|Photo: Sacred Stone Camp|
One of the harsh realities of the Obama administration, despite a public commitment to address the threat of the atmosphere's rising carbon load, is the record expansion of the domestic oil and gas industry by way of drilling and fracking, greater than ever in our history. This is being done in the name of "energy independence," a strategy that Obama called "all of the above." Expand it all - solar, wind, sure, but the real ticket in this global economy was to get at our own oil and gas reserves. And that meant developing the technology to go after the hard-to-get stuff, the carbon stuck in shale rock or deep under the seas or all mixed up in the sands we call "tar" sands because what this is really is tar, not sand, and needs to be extracted and refined into a synthetic fuel.
And to get that stuff extracted and then moved to refineries and to market, the other thing needed was infrastructure - more and more infrastructure. More pipelines, bigger refineries, larger export platforms, super-tankers for ocean carriers, more rail cars, more frac sand mined from the rich sand hills of western Wisconsin.
One result is a real dirty mess wherever the expansion is underway, grave costs to the natural environment, irreparable damage - the boreal forests of Alberta, the poisoned water from the fracking process, the stripped sand hills, gone forever, the sites of hundreds and hundreds of pipeline spills.
Here's the latest pipeline disaster down in our southern states:
Pipeline Spill Triggers Supplier 'Red Alert' in Alabama, Georgia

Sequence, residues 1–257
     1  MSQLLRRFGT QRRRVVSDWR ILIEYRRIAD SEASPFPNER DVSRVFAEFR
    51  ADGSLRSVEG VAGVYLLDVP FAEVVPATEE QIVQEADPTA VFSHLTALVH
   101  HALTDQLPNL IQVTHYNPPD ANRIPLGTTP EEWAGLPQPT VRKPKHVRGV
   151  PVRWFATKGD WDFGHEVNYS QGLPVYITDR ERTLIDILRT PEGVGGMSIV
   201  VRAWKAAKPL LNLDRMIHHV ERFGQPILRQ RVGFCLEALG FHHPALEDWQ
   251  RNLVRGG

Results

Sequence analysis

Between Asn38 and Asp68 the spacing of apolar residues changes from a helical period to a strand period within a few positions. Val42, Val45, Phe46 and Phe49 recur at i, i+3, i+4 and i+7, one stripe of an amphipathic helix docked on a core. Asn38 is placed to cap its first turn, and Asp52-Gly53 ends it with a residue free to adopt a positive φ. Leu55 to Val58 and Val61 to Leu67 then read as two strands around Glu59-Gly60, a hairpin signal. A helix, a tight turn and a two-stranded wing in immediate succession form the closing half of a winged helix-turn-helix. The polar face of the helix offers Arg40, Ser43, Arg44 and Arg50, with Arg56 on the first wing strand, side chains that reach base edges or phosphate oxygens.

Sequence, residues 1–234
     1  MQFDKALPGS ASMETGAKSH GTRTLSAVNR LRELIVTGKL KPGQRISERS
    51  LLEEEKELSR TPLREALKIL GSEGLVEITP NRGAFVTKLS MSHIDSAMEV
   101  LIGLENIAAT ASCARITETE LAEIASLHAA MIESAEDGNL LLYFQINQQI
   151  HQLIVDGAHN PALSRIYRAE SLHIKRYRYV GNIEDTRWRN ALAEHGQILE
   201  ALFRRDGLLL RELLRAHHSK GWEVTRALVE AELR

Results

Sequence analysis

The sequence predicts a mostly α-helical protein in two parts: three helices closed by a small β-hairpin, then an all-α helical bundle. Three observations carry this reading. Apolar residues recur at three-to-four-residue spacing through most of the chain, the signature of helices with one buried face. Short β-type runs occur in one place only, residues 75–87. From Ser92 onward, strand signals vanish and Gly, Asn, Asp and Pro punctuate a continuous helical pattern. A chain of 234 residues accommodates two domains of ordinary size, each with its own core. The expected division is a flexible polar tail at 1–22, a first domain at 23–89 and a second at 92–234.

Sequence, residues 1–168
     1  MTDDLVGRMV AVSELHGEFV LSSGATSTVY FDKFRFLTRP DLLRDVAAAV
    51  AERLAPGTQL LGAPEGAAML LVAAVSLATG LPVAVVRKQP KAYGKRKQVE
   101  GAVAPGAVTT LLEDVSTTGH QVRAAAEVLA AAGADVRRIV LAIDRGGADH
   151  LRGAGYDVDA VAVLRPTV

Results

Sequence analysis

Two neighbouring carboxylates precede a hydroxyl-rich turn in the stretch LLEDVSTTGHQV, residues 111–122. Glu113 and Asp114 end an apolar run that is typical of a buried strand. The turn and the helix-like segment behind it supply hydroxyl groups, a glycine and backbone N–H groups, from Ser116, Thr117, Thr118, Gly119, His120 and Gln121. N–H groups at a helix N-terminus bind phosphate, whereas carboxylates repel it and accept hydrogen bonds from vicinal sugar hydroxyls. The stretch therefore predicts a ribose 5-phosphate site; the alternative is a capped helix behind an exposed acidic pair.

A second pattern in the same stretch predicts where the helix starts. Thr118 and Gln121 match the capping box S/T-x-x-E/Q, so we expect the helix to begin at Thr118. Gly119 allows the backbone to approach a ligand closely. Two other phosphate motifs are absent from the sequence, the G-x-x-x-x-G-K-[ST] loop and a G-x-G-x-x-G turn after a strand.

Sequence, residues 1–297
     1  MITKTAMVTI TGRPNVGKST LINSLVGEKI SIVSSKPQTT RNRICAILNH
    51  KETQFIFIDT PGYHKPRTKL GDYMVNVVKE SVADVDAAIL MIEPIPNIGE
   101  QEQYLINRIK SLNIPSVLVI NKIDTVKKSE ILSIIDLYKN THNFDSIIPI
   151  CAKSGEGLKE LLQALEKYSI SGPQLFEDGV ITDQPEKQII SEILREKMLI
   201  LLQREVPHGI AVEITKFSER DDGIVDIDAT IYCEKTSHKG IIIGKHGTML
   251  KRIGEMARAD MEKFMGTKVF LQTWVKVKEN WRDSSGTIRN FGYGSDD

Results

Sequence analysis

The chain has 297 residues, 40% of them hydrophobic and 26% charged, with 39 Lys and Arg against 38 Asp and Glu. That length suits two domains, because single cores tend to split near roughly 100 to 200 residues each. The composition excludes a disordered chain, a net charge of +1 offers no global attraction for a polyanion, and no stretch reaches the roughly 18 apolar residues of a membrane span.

One of the reasons this is all coming to a head now is precisely because of the ramped up pace of the extraction of our oil and gas reserves. It's in overdrive and its tentacles are being felt, actually experienced, in more and more communities.
So when the Sacred Stone Camp really began to be noticed - thanks in large part to the brilliance of social media, groups like the Indigenous Environmental Network which produced near-daily videos - it captured the moment perfectly. And the fact that this was not a national organization, white-led campaign, but an emergent struggle straight from the heart of a history of white domination and genocide, with tactics both fierce and non-violent, well, it really caught the imagination. What the Standing Rock Sioux nation was struggling for was something about as basic as it gets when it comes to being alive - water.
Water - one of the most precious gifts of this planet, what made the evolution of life possible, what we cannot live without for more than a few days. That's what's at stake here.
|Enbridge pipeline breach in Michigan, 2010|
It took months for the nation to hear it, but we are hearing it now. A movement is growing all around and from within this struggle. We urge you to find local ways to offer solidarity.
Last week, the water Defenders were attacked by private security personnel hired by the company using mace and dogs. Many were injured, including children who suffered dog bites. Amy Goodman from Democracy Now! visited the camp and was there when the attack took place. Her video went viral. You can view it here:
Dakota Access Pipeline Company Attacks Native American Protesters with Dogs and Pepper Spray
In response, authorities have issued a warrant for Goodman's arrest for trespassing. Actually, she was a journalist doing her job and we still have the Constitution which guarantees freedom of the press. No charges are being filed against the security personnel for the assault.
As part of her coverage, Goodman posted this interview with Winona Laduke who lays out the historical roots of this struggle and what is at stake for all of us:
Winona Laduke at Standing Rock: It's Time to Move On from Fossil Fuel
As for the powerful witness in Iowa, where dozens of people have been arrested in civil disobedience actions trying to stop the pipeline there, go to this link:
The Rise of the Water Protectors
The struggle to salvage a habitable planet for future generations is now engaged. No way to avoid this one. We are all a part of this. We each have a role to play. It is what Thomas Berry called "the Great Work" of our time.
~ Margaret Swedish
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